If I ever had a new aria to learn I would listen to Gedda first in order to make sure I was “doing it right.”
Garrett Harris 4 p.m., Feb. 27
I love sandwiches, and I think banh mi is one of my favorites. It has everything I like, crispy-crusted baguette, crunchy hot jalapeno, cool cucumber and herbal cilantro, tangy pickled daikon and carrot, a bit of pate, maybe a smear of mayo, and whatever meat, tofu, sausage, chicken or cold cuts you fancy. I always tell myself that I’m only eating half; I’ll save the rest for later, but end up scarfing the whole thing.
Hoangie’s Banh Mi on Wheels’ menu is short and sweet, with five sandwich choices, cha gio, shrimp tempura, and banh mi sliders in a banh bao bun. You can add an egg to any sandwich for a dollar.
The sandwiches are on the pricey side at $8. I went with the Hoangie Oink, marinated pork shoulder and all the usual accompaniments. Although the ingredients are clearly listed (and pictured) on the menu, the friendly guy who took my order checked twice to be sure that I wanted jalapenos. Either I look like a wimp or there have been some hot pepper misunderstandings with the customers.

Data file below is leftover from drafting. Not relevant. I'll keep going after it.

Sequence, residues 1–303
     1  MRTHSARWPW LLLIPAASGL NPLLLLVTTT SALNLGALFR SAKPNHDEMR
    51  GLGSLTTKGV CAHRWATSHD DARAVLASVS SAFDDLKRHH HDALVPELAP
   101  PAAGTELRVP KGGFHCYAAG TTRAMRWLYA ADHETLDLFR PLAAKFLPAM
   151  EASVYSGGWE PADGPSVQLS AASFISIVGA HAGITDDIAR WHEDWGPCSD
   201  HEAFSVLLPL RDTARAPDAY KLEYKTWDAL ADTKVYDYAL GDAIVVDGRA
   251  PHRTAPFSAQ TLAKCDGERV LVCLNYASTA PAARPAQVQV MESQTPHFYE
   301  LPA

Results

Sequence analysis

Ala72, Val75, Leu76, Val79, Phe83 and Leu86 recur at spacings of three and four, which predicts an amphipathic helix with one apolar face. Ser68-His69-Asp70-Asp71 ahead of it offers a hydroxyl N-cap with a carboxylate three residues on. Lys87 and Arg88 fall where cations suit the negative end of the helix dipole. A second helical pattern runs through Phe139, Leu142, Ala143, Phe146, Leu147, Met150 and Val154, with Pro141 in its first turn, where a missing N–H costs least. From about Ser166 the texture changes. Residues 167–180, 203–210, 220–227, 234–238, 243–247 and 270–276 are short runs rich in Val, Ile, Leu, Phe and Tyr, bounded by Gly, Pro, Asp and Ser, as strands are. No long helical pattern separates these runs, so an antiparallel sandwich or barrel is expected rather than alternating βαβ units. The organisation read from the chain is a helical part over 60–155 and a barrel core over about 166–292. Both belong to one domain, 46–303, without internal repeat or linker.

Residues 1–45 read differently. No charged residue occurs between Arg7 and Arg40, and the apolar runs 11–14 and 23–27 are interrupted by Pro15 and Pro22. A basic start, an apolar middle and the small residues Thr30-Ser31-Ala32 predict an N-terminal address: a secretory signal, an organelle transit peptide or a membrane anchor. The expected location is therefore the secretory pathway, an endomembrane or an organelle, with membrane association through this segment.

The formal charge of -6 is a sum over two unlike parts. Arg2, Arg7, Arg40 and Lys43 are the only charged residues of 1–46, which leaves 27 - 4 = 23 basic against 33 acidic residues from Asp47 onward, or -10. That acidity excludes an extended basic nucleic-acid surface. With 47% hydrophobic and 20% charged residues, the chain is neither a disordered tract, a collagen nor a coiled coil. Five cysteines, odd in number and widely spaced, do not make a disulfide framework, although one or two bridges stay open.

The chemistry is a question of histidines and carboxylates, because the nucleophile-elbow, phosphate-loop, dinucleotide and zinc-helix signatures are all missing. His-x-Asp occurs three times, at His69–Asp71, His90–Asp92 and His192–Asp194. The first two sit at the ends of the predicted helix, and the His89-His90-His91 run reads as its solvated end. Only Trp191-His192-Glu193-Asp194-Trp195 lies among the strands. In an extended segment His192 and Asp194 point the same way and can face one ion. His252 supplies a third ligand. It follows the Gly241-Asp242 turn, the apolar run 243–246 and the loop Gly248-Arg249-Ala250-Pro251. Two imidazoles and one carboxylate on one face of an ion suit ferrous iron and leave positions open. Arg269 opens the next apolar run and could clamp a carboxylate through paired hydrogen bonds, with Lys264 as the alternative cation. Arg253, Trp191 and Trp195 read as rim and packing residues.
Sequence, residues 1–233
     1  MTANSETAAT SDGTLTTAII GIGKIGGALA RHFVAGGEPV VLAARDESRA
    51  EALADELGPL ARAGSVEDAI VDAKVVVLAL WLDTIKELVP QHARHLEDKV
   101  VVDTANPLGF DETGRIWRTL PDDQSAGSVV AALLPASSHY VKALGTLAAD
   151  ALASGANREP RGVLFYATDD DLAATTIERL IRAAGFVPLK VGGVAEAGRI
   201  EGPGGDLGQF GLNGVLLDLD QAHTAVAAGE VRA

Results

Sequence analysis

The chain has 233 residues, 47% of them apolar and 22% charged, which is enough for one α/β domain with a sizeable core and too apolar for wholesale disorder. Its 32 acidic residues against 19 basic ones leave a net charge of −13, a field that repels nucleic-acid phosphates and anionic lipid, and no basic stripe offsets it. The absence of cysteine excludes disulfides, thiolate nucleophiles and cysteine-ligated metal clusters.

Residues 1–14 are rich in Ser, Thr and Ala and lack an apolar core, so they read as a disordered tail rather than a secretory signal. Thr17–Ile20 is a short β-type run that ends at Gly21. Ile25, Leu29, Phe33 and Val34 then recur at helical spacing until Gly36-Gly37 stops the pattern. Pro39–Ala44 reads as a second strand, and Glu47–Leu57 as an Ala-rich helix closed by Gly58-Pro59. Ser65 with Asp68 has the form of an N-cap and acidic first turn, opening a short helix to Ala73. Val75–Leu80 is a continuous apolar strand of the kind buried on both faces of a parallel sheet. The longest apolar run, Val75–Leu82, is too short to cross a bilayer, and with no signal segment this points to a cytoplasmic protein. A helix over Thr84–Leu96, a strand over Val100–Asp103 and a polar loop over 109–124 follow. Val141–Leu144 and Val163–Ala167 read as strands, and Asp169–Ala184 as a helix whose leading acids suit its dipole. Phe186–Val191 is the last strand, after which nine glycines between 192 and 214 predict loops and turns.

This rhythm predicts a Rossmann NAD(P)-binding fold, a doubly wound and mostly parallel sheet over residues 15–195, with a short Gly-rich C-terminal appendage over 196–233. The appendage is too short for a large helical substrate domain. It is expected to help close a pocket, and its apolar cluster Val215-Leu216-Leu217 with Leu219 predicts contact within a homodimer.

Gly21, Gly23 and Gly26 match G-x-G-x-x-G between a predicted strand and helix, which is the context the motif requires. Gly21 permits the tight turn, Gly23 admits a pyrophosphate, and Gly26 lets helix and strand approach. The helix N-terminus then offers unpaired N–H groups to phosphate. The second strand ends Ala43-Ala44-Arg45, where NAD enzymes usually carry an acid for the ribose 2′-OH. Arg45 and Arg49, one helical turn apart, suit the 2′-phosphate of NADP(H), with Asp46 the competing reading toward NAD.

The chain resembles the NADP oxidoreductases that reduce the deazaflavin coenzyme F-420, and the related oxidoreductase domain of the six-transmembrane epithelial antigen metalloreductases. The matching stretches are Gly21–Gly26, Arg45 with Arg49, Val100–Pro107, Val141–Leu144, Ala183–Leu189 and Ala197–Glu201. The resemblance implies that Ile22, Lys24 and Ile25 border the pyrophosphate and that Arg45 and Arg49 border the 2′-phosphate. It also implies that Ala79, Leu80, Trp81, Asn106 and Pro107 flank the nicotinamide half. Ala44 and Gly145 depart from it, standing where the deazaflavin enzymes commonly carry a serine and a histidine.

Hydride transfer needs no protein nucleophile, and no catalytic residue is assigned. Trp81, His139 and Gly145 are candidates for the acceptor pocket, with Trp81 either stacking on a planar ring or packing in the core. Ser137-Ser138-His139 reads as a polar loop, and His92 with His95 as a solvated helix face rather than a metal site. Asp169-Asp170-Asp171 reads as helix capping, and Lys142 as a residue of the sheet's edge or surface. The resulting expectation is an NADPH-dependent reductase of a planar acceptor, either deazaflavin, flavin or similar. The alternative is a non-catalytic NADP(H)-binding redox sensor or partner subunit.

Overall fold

It’s a pretty big sandwich, so the price isn’t entirely out of line. Lots of meat. Sadly, it wasn’t well-cooked meat. Dry, mushy and flavorless, it was clearly overcooked. Also disappointing were the skimpy additions of pickles and jalapeno. A lot of the pleasure in a banh mi comes from the balance of hot and cool, spicy and tangy, crunchy and soft, but the textures were off, and the meat overwhelmed everything else.
I’ll give Hoangie’s another try, though. I hear that the panko crusted tofu banh mi is good, and the cha gio was getting raves from other diners. I want to try those sliders, too.
You can find Hoangie’s Banh Mi on Wheels through social media sites.